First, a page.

Here's where the problem comes in. Say I'm out in the street, screaming racial insults. Say I have a gun and I scream how I'm going to kill everyone of a particular race and send them back to their alleged country of origin. By this new definition of race, you can't conclude I'm a racist until you know what race I am. If you find out I'm white and I'm shouting the n-word, now you can call me a racist. But if I'm African-American and I'm shouting about white people, you cannot, because no matter what I do, I'm not a racist.

Now here's where it just gets strange. Say you find out that I'm Egyptian - with skin darker than any white person and dressed in a turban. And I'm shouting the n-word and telling all African-Americans to go back to Africa. Well, last I checked, Egyptians did not have power in this country. So by the same definition, an Egyptian could not be a racist either. No matter how many African-Americans discriminated against, no matter how many even outright killed, no matter how many times the n-word was uttered, nope, no racism there.

Obviously, the "new" definition of racism needs some work.


chickpea said...

Well said DBB. The logic in the "new" definitions are severely lacking. Anyone can be a racist, they don't have to be powerful or powerless. And unknowingly benefiting from the (perceived) racism of another does not necessarily make one a racist either.

For example, I'm brown (Arab/African American) and my boyfriend is Russian. While on a cruise last year, we stopped in Jamaica. When we returned to the port after an excursion, my boyfriend was stopped and thoroughly frisked and questioned. I was allowed to breeze through the security area, and was not even required to put my bags (I had 3 or 4) through the x-ray machines - I was told that I "was fine, no worries." Following the logic suggested, I am a racist because I benefited in this case.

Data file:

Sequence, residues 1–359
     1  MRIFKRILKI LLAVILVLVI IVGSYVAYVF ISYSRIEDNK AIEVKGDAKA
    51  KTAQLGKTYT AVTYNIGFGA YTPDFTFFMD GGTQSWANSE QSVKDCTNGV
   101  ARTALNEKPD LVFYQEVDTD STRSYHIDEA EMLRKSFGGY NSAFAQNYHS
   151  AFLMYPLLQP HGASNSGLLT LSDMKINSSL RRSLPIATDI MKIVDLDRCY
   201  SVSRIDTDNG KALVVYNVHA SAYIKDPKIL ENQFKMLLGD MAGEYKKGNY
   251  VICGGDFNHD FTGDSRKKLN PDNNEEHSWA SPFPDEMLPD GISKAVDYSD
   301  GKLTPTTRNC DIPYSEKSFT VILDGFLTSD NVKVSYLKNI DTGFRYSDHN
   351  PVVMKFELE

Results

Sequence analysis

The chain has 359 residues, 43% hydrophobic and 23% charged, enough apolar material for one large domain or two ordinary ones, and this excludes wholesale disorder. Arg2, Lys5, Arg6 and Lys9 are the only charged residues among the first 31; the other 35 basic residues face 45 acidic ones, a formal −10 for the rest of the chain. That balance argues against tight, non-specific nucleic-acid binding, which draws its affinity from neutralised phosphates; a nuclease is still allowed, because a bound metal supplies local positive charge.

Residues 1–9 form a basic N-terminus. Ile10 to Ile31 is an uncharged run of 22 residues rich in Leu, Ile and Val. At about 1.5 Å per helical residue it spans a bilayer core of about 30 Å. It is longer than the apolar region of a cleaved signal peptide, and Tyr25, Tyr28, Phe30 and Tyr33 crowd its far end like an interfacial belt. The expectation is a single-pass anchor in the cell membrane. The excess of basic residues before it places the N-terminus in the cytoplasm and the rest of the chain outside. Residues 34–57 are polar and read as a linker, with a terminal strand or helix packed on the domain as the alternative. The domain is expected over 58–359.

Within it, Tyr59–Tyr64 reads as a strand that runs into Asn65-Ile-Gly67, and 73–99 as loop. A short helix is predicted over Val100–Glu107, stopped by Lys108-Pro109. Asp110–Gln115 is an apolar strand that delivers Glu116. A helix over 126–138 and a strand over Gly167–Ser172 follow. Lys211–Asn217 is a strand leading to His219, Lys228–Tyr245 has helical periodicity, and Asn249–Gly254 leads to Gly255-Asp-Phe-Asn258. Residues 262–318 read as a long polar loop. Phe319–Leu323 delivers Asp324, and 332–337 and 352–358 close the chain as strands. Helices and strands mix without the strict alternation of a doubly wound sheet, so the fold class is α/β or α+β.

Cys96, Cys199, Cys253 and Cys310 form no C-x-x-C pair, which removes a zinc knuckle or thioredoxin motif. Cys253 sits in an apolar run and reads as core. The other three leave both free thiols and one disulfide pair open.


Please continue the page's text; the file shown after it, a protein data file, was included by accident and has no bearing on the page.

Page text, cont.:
Erin said...

There are some interesting activities you can complete at Project Implicit. While it's not really a "racist test," surveys attempt to measure a subject's associations with regards to age, race, gender, and other factors. I don't know that it resolves the "racism" question, but I think it demonstrates some of the implicit assumptions that underly racism.

DBB said...

I think I took a test at Project implicit a year or two ago, but I don't remember what it was for - I vaguely recall it was politically related. The site looks different now, so they obviously added to it since then.

Another thing I've often wondered about that seems to be taken as a sign of racism or sexism or any-ism is the general human propensity to feel more comfortable with the familiar and more comfortable with people who are like us. Like I feel way more comfortable in a roomful of atheists than I do in a Church. But then that sort of thing obviously changes the more time you spend with someone or something - things that become familiar (assuming there is not a negative association) become comforting. Even though I'll never live in my parent's house again, the room there that I lived in for years still feels like my room whenever I visit and stay there. One could label such impulses as an 'ism' but I think that would be rather silly. It is just part of being human, and is something that will always be part of being human and it really isn't a negative. But I wonder if some people take the feeling of comfort with the familiar and discomfort with the unfamiliar as evidence of some form of internal innate 'ism' of one kind or another when it is nothing more than neurons being neurons, enjoying familiar patterns.

DBB said...

Thanks Chickpea. I am somewhat disappointed I still haven't really seen a response to this from the champions of the "new" definition of racism. I'm really curious to see what any of them would say. Perhaps there's something I'm missing, but it just seems so unworkable and illogical. Not to mention the fact that it simply is not a definition used outside of a very narrow circle.

(Like if you saw someone accuse a politician of being a racist on TV based on that definition, well, I somehow don't think that is the definition any politician of any race would be able to use in a national dialogue).

Ashi said...

The only thing that guy had right was that racism has multiple layers.

Awesome refutation though.